The recent reintroduction of the Russian-style “Foreign Agents Law” by Georgia’s ruling Georgian Dream party has raised concerns about the country’s commitment to democracy and European integration. This move, whose effect will be to curtail civil society and silence dissenting voices, reflects a deeper trend of consolidating oligarchic rule and undermining democratic institutions. The international community, including the EU and the US, has condemned the law and called for its withdrawal. Previous protests forced the government to retract similar measures in 2023, suggesting further unrest may follow.

The electoral playing field remains fundamentally skewed, and democratic competition is undermined by the continued imprisonment of former President Mikheil Saakashvili.

There remains much uncertainty surrounding Saakashvili’s future. Recent polls by the International Republican Institute show an overwhelming majority of residents of Georgia supporting his pardoning.

Furthermore, an increasing number of international voices call for his release, with Amnesty International and the Georgian Public Defender’s Office condemning his arrest.

Calls intensified in late 2022 after a toxicology report revealed mercury and heavy metals in his system, leading to accusations of poisoning. President Zelenskyy and his Moldovan counterpart, Maia Sandu, alongside European ambassadors, pressed for his immediate release, while the European Committee on the Prevention of Torture described his situation as oppressive and harmful to his health.

Last year, the US sanctioned Otar Partskhaladze, the former Prosecutor General who initiated the case against Saakashvili, and his FSB contact for influencing Georgia on behalf of Russia. Earlier, the US sanctioned four Georgian judges for corruption, alleging the judiciary’s manipulation by a specific “clan” responsible for politically biased rulings. Furthermore, both the Parliamentary Assembly of the Council of Europe and the European Parliament have passed resolutions urging for his prompt release and acknowledging him as a “political prisoner standing against Putin”.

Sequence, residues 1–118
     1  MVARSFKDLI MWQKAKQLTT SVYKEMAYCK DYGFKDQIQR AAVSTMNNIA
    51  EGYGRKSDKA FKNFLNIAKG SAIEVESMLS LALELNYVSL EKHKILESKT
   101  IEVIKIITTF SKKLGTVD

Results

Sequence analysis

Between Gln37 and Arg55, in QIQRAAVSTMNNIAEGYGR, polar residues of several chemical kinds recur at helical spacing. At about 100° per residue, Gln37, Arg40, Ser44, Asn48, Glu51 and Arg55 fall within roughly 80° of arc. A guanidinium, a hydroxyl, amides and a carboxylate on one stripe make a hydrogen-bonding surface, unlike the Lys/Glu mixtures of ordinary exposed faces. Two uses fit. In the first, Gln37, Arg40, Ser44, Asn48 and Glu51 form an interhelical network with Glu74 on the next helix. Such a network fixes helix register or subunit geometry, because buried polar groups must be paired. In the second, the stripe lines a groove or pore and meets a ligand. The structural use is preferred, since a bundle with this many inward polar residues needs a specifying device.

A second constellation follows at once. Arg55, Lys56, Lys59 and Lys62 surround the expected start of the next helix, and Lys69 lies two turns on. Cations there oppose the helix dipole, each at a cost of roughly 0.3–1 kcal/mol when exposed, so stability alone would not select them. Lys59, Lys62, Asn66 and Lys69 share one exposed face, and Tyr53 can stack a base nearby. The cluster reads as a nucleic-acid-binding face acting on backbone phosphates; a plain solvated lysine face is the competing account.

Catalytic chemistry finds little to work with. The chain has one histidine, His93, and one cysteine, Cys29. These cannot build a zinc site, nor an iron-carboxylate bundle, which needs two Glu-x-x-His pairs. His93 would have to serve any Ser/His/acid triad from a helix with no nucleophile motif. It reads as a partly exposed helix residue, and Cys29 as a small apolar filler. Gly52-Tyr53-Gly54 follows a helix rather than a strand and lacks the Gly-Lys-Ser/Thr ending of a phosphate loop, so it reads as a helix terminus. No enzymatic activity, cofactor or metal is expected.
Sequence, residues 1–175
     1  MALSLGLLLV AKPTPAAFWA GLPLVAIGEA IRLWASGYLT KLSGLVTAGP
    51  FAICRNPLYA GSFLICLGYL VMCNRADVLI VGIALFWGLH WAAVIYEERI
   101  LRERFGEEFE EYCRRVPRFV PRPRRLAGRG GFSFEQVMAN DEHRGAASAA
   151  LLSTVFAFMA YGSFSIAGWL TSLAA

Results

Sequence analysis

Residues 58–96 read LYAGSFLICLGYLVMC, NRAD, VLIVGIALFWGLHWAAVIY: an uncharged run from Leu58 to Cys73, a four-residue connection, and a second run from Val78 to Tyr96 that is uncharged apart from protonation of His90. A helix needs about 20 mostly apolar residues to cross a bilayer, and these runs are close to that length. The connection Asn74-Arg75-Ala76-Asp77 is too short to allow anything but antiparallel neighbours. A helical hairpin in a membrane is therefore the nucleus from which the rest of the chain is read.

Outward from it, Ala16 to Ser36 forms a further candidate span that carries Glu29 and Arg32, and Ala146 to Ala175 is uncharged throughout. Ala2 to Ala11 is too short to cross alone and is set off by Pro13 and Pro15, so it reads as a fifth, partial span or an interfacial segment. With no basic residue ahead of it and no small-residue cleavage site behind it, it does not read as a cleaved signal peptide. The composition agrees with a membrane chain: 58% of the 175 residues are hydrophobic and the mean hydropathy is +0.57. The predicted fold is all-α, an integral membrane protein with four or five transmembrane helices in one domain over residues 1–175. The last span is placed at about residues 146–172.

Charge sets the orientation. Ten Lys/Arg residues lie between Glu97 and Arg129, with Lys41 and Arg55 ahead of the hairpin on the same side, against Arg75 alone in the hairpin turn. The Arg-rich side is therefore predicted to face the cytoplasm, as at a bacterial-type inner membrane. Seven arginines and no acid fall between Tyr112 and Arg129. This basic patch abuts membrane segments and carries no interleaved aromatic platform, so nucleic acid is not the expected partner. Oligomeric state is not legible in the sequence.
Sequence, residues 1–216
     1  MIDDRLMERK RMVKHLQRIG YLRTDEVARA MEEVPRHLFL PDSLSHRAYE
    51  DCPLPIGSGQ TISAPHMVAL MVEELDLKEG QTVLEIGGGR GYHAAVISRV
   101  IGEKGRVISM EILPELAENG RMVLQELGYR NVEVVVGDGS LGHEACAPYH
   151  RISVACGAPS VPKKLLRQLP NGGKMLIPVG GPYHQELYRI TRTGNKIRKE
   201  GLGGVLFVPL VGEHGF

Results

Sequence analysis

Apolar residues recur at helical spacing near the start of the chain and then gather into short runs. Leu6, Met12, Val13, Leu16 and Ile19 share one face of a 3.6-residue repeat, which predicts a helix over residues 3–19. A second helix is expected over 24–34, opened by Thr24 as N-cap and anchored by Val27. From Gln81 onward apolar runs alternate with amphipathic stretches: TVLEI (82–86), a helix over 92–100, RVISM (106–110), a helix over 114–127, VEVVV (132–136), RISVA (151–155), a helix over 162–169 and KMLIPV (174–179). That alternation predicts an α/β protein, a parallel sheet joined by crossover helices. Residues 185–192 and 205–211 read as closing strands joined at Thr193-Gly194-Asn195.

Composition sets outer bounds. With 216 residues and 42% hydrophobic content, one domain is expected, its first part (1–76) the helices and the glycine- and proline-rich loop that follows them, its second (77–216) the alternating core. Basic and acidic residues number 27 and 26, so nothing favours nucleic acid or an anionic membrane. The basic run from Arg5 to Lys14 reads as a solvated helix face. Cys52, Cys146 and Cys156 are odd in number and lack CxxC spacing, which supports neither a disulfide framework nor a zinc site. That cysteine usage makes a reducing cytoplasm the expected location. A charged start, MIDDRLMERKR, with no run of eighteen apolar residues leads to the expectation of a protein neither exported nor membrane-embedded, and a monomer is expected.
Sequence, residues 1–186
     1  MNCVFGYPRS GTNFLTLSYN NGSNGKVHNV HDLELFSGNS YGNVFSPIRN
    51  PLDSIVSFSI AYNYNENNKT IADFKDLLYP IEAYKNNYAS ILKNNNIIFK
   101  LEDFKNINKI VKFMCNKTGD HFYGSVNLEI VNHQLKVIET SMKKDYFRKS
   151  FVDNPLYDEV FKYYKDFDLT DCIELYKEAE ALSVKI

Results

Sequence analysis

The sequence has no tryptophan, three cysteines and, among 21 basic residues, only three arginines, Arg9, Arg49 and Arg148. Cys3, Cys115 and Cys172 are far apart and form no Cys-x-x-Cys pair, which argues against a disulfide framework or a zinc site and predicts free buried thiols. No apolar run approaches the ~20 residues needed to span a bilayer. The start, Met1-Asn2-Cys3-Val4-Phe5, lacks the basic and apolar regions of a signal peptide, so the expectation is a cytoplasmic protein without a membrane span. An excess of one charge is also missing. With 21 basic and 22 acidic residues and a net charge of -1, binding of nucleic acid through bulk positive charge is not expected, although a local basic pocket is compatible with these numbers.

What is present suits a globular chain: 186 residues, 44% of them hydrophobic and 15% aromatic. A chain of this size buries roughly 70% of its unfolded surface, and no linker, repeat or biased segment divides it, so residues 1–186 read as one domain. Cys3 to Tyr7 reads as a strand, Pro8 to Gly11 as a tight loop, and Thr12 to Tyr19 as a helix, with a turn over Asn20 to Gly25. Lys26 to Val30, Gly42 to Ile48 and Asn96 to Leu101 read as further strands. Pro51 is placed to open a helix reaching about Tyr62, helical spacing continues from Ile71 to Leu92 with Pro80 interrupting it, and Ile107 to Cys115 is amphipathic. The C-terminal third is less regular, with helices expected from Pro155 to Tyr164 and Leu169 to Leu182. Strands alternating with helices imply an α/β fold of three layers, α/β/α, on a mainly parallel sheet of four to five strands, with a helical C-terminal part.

Nevertheless, Mikheil Saakashvili continues to lead the United National Movement, Georgia’s largest opposition party, and remains to be a significant adversary of Vladimir Putin. In 2017, Putin expressed concern over the emergence of numerous figures resembling Saakashvili and even likened Alexey Navalny to a “Russian version” of him.

Navalny’s death in a Russian prison just months ago should make the question of Saakashvili’s freedom even more pressing.

The Western world must confront Russia’s threats to democracy not only in Ukraine but wherever they arise.

In 1938, before sealing the agreement in Munich that led to the dismemberment of Czechoslovakia by Nazi Germany, British Prime Minister Neville Chamberlain famously brushed off the conflict as “a quarrel in a faraway country between people of whom we know nothing.” The subsequent events determined the fate of the entire continent.

Almost 80 years later, the threat now emanates from Russia, with countries like Ukraine and Georgia bearing the brunt of its aggressive imperial ambitions.

Fuelled by mass demonstrations against the “Foreign Agents Law” and a growing unease about the government’s authoritarian tendencies, Georgians see their dream of European integration and democratic future under threat. The West, including the United States, the European Union, and the United Kingdom, can employ a multifaceted approach to prevent democratic backsliding. This could include targeted sanctions against individuals undermining Georgian democracy, increased financial and technical assistance for strengthening institutions, and by extending a clear roadmap for Georgia’s eventual EU membership, contingent on democratic reforms.

By strategically outlining a path forward, the West can incentivise Georgia’s leadership to choose a democratic future, ensuring a stable and prosperous nation on Europe’s eastern flank.